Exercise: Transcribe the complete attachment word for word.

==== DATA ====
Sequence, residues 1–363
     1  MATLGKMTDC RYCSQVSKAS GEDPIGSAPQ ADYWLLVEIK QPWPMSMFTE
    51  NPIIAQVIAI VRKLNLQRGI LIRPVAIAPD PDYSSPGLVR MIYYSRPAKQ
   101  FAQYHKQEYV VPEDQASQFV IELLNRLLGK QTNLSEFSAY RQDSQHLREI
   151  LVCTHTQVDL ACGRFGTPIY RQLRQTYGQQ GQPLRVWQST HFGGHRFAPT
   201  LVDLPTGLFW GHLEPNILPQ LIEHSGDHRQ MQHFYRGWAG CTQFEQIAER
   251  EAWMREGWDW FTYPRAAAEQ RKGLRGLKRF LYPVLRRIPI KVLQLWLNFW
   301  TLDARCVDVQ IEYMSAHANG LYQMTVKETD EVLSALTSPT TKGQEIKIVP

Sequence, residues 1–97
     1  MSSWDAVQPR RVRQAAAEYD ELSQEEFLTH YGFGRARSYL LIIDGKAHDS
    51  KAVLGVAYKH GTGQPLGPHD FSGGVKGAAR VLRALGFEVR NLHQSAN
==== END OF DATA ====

Sequence, residues 1–363
     1  MATLGKMTDC RYCSQVSKAS GEDPIGSAPQ ADYWLLVEIK QPWPMSMFTE
    51  NPIIAQVIAI VRKLNLQRGI LIRPVAIAPD PDYSSPGLVR MIYYSRPAKQ
   101  FAQYHKQEYV VPEDQASQFV IELLNRLLGK QTNLSEFSAY RQDSQHLREI
   151  LVCTHTQVDL ACGRFGTPIY RQLRQTYGQQ GQPLRVWQST HFGGHRFAPT
   201  LVDLPTGLFW GHLEPNILPQ LIEHSGDHRQ MQHFYRGWAG CTQFEQIAER
   251  EAWMREGWDW FTYPRAAAEQ RKGLRGLKRF LYPVLRRIPI KVLQLWLNFW
   301  TLDARCVDVQ IEYMSAHANG LYQMTVKETD EVLSALTSPT TKGQEIKIVP

Sequence, residues 1–97
     1  MSSWDAVQPR RVRQAAAEYD ELSQEEFLTH YGFGRARSYL LIIDGKAHDS
    51  KAVLGVAYKH GTGQPLGPHD FSGGVKGAAR VLRALGFEVR NLHQSAN